Recently I was on the hunt for an oxy-acetylene kit. I found most of the hardware stores kept units which were for the DIYer, which is really no problem except I don’t know how long it will last in the cylinders provided, usually propane or MAP/Pro and I couldn’t make out what was actually in the cylinder. An entire kit (without bottles) cost U$199.00 through Harborfreight for Map Pro and Oxygen. This is a great price but what’s the quality like? Scouring the web we come across many such advertisements, much from our Asian exporters. The information through manufacturers or blogs is mainly around how to cut, how to weld, braze and getting the right colour flame but really to find one useful advertisement covering an entire kit with bottles is a difficult catch. In fact it’s like the proverbial needle in the haystack.
The entire being of Parts-Ring is to make finding parts, accessories and kits a greater experience for all. Finding this ‘kit’ which comprises of a torch, regulators, hose is not a problem, finding the bottles is. A common point that arises is that these bottles of acetylene cannot be purchased they have to be leased. Also suppliers are closed when you need them most – probably week-ends – there seems to be some sort of control on where you can get it or whom will sell to whom. I am sure authorities internationally all have their own set of rules as well. What are the pitfalls to owning an acetylene torch? Where are the places to get the gas and why is acetylene such a hard catch?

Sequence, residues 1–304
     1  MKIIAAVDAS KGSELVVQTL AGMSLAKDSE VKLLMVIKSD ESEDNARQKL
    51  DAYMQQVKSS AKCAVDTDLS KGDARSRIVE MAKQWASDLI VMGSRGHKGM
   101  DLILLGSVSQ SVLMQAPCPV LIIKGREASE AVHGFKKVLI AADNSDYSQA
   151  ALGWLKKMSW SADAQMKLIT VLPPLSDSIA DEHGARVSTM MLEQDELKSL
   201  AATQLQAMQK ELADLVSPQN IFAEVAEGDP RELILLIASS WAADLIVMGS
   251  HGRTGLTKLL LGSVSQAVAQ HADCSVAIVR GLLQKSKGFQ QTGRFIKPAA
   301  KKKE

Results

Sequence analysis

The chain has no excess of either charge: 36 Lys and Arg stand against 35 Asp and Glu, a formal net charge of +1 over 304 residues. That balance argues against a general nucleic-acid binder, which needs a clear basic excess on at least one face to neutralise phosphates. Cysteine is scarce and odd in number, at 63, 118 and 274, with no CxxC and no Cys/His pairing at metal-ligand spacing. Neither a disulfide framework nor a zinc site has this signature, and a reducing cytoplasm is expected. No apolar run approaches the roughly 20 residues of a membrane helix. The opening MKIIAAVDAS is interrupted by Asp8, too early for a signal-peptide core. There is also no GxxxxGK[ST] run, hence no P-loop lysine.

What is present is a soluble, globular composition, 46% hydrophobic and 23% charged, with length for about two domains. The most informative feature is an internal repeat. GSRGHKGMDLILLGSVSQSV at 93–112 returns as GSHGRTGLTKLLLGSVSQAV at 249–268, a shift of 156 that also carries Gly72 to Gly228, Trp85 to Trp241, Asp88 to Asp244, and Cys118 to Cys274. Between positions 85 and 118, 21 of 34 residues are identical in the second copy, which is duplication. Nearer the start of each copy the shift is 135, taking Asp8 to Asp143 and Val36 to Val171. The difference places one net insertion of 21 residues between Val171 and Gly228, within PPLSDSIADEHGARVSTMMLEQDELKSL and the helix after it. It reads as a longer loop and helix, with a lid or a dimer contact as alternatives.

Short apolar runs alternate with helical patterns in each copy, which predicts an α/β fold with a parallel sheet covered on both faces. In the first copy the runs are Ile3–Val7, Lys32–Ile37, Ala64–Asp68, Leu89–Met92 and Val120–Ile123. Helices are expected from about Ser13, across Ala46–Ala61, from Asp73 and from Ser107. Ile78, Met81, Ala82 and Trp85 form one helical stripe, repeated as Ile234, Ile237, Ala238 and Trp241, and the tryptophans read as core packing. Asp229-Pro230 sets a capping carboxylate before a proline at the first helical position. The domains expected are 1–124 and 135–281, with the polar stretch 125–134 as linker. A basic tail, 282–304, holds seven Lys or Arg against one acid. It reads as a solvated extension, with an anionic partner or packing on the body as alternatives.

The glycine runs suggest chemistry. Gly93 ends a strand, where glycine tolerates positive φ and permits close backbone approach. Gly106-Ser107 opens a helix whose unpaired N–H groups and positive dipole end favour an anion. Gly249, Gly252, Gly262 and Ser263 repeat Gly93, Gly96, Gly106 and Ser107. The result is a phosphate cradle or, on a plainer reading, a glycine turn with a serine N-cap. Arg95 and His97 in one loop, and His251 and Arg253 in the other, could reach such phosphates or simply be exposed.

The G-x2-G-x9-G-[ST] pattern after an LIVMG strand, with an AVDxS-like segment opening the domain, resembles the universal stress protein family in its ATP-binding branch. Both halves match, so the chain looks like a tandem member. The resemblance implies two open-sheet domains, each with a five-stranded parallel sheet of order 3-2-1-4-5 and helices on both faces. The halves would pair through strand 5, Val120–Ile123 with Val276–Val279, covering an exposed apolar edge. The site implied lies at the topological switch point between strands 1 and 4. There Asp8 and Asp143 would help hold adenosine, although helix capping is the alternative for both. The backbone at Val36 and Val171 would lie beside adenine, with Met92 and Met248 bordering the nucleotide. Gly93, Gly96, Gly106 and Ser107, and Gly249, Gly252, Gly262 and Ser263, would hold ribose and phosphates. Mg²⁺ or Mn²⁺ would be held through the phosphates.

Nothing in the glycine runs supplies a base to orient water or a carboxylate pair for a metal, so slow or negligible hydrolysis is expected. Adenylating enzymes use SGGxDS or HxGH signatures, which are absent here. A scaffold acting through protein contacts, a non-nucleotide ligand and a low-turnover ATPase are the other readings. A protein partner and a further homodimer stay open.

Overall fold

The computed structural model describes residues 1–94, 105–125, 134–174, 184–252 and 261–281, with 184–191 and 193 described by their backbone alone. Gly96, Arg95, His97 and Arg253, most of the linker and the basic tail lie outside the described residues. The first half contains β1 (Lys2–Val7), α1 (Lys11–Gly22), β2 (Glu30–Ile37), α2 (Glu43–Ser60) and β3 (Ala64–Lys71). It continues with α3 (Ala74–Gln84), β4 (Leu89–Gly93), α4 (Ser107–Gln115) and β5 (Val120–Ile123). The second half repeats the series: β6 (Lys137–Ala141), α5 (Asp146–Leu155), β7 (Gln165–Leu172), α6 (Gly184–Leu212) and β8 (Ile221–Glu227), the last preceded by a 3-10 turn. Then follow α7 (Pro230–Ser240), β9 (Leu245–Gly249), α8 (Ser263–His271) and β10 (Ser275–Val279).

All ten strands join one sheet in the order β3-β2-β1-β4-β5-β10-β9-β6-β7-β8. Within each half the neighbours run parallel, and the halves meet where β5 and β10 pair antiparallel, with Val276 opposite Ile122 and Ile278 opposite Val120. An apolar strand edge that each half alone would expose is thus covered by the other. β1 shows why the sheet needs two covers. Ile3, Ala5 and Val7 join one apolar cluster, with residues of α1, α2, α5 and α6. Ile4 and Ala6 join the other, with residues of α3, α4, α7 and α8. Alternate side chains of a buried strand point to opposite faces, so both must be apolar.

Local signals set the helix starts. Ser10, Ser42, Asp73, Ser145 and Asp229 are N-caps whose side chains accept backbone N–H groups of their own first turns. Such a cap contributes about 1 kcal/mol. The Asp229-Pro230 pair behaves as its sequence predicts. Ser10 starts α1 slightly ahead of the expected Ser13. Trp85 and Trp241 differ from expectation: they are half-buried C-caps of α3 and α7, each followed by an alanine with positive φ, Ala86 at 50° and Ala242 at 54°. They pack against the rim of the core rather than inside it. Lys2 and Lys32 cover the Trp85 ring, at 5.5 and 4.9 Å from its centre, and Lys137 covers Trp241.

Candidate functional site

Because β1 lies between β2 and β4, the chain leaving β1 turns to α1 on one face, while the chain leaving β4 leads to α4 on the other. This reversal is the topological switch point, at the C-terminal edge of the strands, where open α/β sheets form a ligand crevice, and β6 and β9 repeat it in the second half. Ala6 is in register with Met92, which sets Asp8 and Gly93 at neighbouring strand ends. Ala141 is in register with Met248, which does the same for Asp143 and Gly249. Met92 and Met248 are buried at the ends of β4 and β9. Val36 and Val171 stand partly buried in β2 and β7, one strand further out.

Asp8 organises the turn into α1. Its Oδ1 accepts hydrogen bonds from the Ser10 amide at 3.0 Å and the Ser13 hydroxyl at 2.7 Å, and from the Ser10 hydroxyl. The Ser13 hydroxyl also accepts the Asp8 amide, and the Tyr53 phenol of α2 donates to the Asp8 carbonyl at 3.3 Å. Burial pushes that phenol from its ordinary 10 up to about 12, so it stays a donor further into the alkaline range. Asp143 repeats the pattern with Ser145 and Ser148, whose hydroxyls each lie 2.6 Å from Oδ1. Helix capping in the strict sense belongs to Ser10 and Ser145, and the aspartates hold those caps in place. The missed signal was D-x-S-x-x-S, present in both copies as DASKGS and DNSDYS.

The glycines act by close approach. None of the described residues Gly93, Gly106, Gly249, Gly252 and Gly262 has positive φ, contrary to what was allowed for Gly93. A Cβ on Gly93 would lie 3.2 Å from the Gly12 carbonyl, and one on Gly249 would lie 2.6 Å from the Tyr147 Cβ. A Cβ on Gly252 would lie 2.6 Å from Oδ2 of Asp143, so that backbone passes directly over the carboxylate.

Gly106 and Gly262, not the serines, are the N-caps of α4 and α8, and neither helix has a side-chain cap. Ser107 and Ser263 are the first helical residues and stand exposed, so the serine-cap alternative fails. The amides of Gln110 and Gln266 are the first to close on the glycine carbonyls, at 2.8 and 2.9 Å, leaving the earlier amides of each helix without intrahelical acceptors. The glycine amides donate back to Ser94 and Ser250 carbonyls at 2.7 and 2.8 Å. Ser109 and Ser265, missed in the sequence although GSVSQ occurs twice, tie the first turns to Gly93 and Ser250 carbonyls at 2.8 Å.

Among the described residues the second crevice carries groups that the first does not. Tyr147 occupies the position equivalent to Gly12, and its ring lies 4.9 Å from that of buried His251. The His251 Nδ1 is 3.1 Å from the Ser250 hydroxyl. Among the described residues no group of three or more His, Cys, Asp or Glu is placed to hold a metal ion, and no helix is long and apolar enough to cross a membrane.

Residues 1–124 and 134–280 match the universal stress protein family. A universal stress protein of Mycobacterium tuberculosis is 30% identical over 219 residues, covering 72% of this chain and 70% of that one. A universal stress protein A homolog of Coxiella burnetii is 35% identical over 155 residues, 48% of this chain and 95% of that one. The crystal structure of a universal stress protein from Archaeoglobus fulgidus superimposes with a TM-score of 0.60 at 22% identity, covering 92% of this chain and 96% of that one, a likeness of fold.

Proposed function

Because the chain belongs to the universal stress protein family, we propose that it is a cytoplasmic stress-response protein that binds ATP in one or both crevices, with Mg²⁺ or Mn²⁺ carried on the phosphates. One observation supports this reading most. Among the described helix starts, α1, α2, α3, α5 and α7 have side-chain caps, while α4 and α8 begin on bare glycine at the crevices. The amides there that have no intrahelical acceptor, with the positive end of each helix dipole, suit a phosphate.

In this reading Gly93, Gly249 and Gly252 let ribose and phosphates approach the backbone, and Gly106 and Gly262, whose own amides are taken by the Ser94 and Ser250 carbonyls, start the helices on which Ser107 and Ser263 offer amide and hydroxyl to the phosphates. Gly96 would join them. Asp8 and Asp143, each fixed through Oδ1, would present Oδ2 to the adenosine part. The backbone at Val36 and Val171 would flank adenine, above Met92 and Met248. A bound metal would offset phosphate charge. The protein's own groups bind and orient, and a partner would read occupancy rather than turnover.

The interesting part about acetylene is that the DIYer or welding market is extremely tiny compared to Big Brother Chemicals which can make sourcing difficult or cheap. Acetylene is a hydrocarbon C2H2, manufactured through partial combustion of methane, possibly from coal, it’s primary use is in the preparation of polyurethane and polyester plastics. (Further read: PVC Facts – polyvinyl chloride manufacturing).
A Brief History
1836: Edmund Davy: (not to be confused with Humphry Davy of Lamp fame). First known to have discovered Acetylene, what he then thought already to contain Hydrogen.
1860: Marcellin Berthelo passed vapours of methanol and ethanol through a red hot tube and collected the by product which he called Acetylene. He later obtained Acetylene by passing hydrogen through the poles of a carbon arc.
The combustion of acetylene with oxygen yields a flame of over 3600 K / 3300 °C or 6000 °F.
Hydrocarbons are bad for the environment.